In Francois Hollande’s premier press conference with Mrs Merkel, the early exchanges were more abrupt than embracing. The Chancellor kicked off with the usual non-committal platitudes, concentrating on common ground not contrast. But Monsieur Hollande, maybe with an eye more to the domestic than the diplomatic, was keen to confirm that every option must be “on the table”. His hostess, one sensed, would have preferred that some subjects were brushed politely under it. With a second election looming in Greece, the French President was keen to reach out to its austerity-weary countrymen. “The Greeks need to know we’ll come with growth measures”, he said. The Chancellor, who might prefer that they just shut up and pay up, countered with: “The question is what one means by growth.” Not a full-blooded contradiction perhaps, but a pretty close cousin. If it had been a first date, there might not be a second, but these two don’t have the luxury of simply slating each other to mutual friends and avoiding each other at parties.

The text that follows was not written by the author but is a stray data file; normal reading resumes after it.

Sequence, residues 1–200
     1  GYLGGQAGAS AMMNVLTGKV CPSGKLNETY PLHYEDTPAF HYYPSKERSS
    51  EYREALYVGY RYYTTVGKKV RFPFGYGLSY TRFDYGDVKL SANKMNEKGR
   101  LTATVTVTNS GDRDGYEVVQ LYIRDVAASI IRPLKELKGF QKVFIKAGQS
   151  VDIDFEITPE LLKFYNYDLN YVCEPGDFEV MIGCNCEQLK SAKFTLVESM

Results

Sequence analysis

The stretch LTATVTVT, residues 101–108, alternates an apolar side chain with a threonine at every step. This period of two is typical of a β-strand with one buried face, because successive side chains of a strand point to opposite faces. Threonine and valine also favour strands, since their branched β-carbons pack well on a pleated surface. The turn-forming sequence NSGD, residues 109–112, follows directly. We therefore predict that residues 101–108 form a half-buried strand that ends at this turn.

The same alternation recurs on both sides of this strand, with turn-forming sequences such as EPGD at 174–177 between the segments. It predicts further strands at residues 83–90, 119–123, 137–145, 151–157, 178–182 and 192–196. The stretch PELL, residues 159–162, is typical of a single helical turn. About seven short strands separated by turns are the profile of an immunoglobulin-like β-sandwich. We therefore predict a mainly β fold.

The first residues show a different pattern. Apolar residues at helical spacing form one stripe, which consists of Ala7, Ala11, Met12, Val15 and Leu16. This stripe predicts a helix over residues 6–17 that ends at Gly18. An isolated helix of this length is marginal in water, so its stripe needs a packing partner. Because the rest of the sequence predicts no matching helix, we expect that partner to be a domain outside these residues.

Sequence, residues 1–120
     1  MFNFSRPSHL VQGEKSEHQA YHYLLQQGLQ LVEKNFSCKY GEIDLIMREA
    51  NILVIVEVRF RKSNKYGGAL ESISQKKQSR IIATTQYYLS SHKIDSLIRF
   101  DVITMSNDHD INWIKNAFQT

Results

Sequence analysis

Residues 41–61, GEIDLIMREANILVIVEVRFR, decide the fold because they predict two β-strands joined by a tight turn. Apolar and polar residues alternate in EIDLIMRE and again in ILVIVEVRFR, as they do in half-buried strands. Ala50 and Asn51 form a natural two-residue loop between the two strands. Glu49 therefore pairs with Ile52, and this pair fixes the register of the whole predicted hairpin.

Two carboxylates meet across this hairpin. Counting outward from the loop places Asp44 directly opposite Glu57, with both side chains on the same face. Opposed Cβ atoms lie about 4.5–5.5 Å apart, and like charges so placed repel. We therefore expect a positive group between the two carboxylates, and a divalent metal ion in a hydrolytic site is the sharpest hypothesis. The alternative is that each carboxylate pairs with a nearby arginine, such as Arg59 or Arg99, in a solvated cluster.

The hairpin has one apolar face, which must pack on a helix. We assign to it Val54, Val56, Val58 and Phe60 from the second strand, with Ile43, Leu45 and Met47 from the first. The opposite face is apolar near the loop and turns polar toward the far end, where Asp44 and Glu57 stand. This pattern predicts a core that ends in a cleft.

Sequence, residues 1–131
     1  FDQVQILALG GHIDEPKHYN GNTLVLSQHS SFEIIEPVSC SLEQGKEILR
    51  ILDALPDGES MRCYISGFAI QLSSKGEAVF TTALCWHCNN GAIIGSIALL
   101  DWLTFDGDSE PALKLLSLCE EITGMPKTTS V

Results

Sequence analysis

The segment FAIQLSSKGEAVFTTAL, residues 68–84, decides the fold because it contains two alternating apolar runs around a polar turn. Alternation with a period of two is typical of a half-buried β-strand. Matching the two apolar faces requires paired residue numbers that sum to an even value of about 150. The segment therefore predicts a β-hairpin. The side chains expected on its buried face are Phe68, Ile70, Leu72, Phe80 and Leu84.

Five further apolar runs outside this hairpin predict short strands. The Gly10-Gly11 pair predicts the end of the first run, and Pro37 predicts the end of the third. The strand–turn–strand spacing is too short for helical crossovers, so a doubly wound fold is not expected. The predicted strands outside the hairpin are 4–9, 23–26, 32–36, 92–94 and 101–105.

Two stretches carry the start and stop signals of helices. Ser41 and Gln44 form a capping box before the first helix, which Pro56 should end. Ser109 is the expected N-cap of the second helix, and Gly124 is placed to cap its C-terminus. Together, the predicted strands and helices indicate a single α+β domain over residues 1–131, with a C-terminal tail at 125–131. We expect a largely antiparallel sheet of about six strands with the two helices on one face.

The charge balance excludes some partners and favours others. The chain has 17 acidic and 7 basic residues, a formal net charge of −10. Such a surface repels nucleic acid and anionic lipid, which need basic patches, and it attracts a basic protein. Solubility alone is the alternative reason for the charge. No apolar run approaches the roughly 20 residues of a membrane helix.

When the Greek electorate go box-ticking again, on June 17th, the anti-austerity parties promise to prosper further. The result may be a battle of brinkmanship. Athens will attempt to alter the agreed austerity arrangements, aware that they may have over-stayed their welcome at a party they gate-crashed under false pretences, but the hosts don’t yet want them to leave. Whether the first socialist President of the Republic in almost two decades can convene sufficient policy compromise to encourage growth remains to be seen. Whether enough economic growth is even practically possible to service debt and still support public services is even less likely. Economists are now tottering towards the once taboo subject of a Greek exit from the single currency. Greece, in the Euro, is increasingly a sinking ship, with a choice between either accepting the bail-out, cuts included, or literally bailing-out.